Posted by:Dan Van Riper
Posted on:04/12/2014
Comments:
Ms. Wright- I agree that time is the enemy of bad ideas. If this casino is such a great plan, then the promoters shouldn't be afraid of extensive public scrutiny.

Matt C- Underlying your troll post is a deep distaste for the City of Albany and for those of us who live here. Your attitude, which is popular in the suburbs, is exactly what we need to ignore and abandon if we are going to rebuild our economy.

Joe A- Your conclusion about mayor Sheehan is one I hope does not turn out to be true. Of course, eventually we will see.


Posted by:Albany
Posted on:04/12/2014
Comments:
Do you prefer the City of Rensselaer proposal? Seriously, do you? That IS the alternative. I'm on the fence- I want to know.


Posted by:Dan Van Riper
Posted on:04/13/2014
Comments:
Albany- Just because Andrew says we ought have a casino doesn't mean we should have one. I want no casino anywhere around here. Anyways, last I heard the Rensselaer waterfront project was rejected as a casino site by the State.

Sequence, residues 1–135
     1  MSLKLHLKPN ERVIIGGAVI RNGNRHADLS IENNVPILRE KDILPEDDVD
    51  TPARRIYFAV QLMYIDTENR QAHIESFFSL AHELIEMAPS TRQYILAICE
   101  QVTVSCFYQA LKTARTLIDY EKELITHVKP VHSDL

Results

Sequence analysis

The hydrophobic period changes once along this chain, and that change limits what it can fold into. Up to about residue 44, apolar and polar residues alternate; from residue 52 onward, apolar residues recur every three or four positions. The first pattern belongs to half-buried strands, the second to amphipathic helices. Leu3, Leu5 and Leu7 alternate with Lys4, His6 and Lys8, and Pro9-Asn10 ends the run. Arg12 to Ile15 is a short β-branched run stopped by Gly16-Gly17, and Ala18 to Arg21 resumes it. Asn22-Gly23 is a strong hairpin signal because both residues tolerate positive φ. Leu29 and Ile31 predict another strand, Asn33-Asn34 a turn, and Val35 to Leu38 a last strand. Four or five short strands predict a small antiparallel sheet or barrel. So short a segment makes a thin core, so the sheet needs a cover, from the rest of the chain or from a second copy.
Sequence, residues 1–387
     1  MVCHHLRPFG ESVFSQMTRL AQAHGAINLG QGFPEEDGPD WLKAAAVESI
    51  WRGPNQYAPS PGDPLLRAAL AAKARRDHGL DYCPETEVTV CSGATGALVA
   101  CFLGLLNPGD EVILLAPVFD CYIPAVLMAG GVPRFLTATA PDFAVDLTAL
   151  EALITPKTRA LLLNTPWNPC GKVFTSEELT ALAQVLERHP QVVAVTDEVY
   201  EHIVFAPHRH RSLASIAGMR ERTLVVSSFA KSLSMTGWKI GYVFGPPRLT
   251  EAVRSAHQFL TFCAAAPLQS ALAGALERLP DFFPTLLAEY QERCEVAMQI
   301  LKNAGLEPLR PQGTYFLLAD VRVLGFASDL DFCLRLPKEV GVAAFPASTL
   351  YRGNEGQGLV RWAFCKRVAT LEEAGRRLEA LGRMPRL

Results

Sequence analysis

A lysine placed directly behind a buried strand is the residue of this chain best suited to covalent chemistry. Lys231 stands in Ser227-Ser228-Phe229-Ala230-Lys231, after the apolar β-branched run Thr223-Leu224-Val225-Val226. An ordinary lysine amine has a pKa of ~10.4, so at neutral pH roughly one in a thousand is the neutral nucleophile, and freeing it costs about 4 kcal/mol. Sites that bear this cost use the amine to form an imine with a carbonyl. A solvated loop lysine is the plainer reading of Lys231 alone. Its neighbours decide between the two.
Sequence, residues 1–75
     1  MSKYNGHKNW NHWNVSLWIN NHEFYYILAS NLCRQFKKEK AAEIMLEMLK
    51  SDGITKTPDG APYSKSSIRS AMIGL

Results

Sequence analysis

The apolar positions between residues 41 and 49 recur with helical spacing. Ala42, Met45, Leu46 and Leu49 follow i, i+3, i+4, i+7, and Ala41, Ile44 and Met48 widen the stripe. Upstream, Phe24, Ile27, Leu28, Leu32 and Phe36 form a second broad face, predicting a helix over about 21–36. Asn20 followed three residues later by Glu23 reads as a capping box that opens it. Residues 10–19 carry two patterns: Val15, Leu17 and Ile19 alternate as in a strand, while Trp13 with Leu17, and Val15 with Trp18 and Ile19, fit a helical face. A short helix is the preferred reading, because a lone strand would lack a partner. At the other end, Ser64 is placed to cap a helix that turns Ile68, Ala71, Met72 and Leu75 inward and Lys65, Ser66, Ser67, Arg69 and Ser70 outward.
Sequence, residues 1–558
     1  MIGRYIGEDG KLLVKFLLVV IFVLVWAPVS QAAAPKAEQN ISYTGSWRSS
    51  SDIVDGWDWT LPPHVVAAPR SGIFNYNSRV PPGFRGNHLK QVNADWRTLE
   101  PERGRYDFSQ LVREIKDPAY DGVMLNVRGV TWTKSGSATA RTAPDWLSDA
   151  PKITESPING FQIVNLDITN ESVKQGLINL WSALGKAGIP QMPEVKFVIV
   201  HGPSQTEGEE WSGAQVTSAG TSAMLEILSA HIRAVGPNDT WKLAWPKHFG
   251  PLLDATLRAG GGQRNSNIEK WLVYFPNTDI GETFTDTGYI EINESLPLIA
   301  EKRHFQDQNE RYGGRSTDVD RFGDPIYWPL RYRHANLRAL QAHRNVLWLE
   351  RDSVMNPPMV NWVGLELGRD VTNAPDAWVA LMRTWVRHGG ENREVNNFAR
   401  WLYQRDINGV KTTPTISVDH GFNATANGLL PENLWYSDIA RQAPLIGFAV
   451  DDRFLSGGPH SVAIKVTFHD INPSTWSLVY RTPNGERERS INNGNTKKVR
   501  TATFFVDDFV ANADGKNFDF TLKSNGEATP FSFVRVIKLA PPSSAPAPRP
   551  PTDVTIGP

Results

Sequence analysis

Posted by:Joe A
Posted on:04/14/2014
Comments:
Dan, I hope (as much as you do) that I'm wrong, but I lack a point of reference, like a track record, to think otherwise.Hanging out at CA on Central and at West Hill, Arbor Hill and South End does not a progressive make. In all honesty, she was the best that progressives could get. Everyone else that put their foot forward was patently incompetent. That being said, I want her to prove me wrong. Frankly, I am tired of millionaire progressives, which is our entire Congress, and the results are there for all of us to see. @ Matt C: I don't share your prejudice towards poor people.


Posted by:Judd Krasher
Posted on:04/14/2014
Comments:
To be very clear, I do not support this plan. The process is outrageous and the proposal is troubling.